It’s been more than a decade since the Marquette grape made its debut on the commercial market with its promise as the great red hope of a full-bodied wine from the north country. When Lincoln Peak Vineyard‘s Chris Granstrom was growing some of the first baby Marquette vines in his nursery and thinking about making wine, the conventional wisdom was to treat Marquette with as much of the finest oak one could afford, after significant skin maceration, with a long sleep in the cellar.
While a number of awards have been won for wines manipulated in such a manner, there are those, myself included, who think that tastes are changing and some new thinking is required. Its become clear that wood can easily obscure the purity of fruit that’s available in Marquette and it in its case, less may be more, and maybe even none is best.
2016 was a bumper year for Marquette in Vermont and it seems that this surplus led to an idea sprung up sui generis among some like-minded local winemakers, although each with their own spin on the process.
They endeavored to make a nouveau-style wine by employing varying degrees of carbonic maceration. This is the approach most often associated with the young wines of Beaujolais which, by the holiday calendar, are hitting the market this week. It’s also a technique utilized in “natural” wine circles as a way to capture the bright youth of ferment. It does this through a metabolic process by which, in the absence of oxygen and the presence of carbon dioxide, grapes convert a portion of their sugar into alcohol as well as capture some specific chemistry that we experience as aromas and tastes.
In some instances this process can yield overt flavors of banana and bubblegum, but it’s not something that seems to appear in Marquette save for when it’s coming right out of the initial tank to press. The production wines made in 2016 by Lincoln Peak and la garagaista and a test run at Shelburne Vineyard showed so much promise that the wines are becoming part of the regular or semi-regular program.
As far as I can tell, Vermont seems to be the groundbreaker in experimenting with Marquette and this process on a production level, in the cold-climate wine category.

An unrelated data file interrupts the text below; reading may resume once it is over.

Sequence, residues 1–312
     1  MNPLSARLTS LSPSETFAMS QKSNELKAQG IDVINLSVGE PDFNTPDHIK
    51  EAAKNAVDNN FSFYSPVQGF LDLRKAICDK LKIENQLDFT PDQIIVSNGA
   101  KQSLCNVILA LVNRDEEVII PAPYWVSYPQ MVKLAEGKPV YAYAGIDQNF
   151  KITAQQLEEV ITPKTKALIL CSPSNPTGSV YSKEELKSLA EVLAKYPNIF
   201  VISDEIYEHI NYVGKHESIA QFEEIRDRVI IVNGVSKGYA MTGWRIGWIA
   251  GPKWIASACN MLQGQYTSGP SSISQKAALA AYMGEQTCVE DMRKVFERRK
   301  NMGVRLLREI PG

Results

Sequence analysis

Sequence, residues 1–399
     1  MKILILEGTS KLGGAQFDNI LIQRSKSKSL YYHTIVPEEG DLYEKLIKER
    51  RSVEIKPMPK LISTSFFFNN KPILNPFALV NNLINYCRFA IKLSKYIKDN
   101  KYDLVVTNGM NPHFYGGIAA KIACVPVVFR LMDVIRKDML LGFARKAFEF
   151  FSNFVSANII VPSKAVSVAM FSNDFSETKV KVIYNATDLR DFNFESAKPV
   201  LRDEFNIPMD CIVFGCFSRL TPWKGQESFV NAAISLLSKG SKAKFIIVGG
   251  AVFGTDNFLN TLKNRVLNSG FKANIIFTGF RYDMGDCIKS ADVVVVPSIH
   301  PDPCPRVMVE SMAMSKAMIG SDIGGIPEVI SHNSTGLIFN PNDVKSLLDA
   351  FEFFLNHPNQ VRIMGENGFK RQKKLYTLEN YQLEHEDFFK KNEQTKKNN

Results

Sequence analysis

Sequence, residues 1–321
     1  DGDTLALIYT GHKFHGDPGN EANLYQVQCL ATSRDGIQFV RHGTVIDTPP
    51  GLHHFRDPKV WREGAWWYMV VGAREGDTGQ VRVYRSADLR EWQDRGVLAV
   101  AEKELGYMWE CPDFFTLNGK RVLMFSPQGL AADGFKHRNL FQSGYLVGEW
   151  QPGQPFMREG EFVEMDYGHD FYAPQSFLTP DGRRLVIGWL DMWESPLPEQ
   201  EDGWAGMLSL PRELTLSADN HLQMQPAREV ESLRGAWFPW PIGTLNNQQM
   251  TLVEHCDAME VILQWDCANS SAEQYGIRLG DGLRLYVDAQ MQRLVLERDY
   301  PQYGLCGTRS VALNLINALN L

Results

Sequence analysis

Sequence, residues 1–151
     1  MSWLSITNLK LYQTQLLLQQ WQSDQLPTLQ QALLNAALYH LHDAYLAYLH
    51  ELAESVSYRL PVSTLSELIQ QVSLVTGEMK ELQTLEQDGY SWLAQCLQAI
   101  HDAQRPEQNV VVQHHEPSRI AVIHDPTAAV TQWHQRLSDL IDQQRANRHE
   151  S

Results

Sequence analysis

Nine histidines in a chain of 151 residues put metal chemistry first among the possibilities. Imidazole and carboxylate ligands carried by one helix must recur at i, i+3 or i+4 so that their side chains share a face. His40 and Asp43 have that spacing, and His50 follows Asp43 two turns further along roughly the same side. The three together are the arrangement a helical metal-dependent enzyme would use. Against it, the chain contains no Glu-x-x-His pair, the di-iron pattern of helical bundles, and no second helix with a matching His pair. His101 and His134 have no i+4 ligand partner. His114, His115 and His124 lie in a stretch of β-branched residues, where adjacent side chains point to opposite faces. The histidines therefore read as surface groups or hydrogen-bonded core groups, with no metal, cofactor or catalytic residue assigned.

I’d never purchased a whole case of a single “Wine of Vermont” until I tasted the 2016 nouveau that Chris Granstrom made at Lincoln Peak. It was juicy, smooth, savory, bursting with back cherry, plum skin-tasting tannins and spice. A mind-bending melange with reference points in grenache, gamay and zweigelt.
The 2017 version is leaner, given the cooler, wetter season, but still of the same stripes. I’ve had one open for a couple of days now, and it has been a reminder that these wines are also showing real aging potential. Chris was not quite as happy with the 2017, having left it in the co2 tank a couple of extra days. I told him I was still impressed, and after having hit a home run the first year, not to be disappointed about hitting just a double the second. Part way through harvest, I happened to stop by the day they were transferring the 2018 from tank to press and it was already tasting generous and in the same ballpark.
I’ve personally been playing with partial carbonic for a number of years in my own winemaking with good results, using already fermenting juice in the bottom of a sealed vessel, as a CO2 generator. A talk that a Michael Marler gave at Les Pervenches in Quebec during a TasteCamp expedition, stuck with me. It was about using carbonic and gentle, short maceration to both showcase the fruit aspects of cold climate red grapes and to mitigate the incorporation of any potential vegetal aspects.